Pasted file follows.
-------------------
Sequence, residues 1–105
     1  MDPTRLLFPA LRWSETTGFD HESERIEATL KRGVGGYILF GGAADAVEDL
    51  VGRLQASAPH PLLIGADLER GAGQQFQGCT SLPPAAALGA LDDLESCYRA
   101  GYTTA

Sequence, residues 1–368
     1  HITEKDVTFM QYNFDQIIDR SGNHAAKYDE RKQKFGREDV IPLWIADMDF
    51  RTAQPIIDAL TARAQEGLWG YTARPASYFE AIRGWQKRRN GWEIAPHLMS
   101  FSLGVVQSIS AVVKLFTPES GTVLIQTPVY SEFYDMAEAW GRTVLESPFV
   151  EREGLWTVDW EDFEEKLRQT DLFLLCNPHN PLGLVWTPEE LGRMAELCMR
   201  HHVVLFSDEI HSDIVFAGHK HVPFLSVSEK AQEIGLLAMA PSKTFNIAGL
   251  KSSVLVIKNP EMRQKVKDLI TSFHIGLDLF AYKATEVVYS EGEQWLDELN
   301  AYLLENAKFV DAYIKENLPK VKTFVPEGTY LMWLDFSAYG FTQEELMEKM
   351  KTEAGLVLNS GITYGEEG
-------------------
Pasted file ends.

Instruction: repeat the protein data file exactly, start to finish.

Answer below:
Sequence, residues 1–105
     1  MDPTRLLFPA LRWSETTGFD HESERIEATL KRGVGGYILF GGAADAVEDL
    51  VGRLQASAPH PLLIGADLER GAGQQFQGCT SLPPAAALGA LDDLESCYRA
   101  GYTTA

Sequence, residues 1–368
     1  HITEKDVTFM QYNFDQIIDR SGNHAAKYDE RKQKFGREDV IPLWIADMDF
    51  RTAQPIIDAL TARAQEGLWG YTARPASYFE AIRGWQKRRN GWEIAPHLMS
   101  FSLGVVQSIS AVVKLFTPES GTVLIQTPVY SEFYDMAEAW GRTVLESPFV
   151  EREGLWTVDW EDFEEKLRQT DLFLLCNPHN PLGLVWTPEE LGRMAELCMR
   201  HHVVLFSDEI HSDIVFAGHK HVPFLSVSEK AQEIGLLAMA PSKTFNIAGL
   251  KSSVLVIKNP EMRQKVKDLI TSFHIGLDLF AYKATEVVYS EGEQWLDELN
   301  AYLLENAKFV DAYIKENLPK VKTFVPEGTY LMWLDFSAYG FTQEELMEKM
   351  KTEAGLVLNS GITYGEEG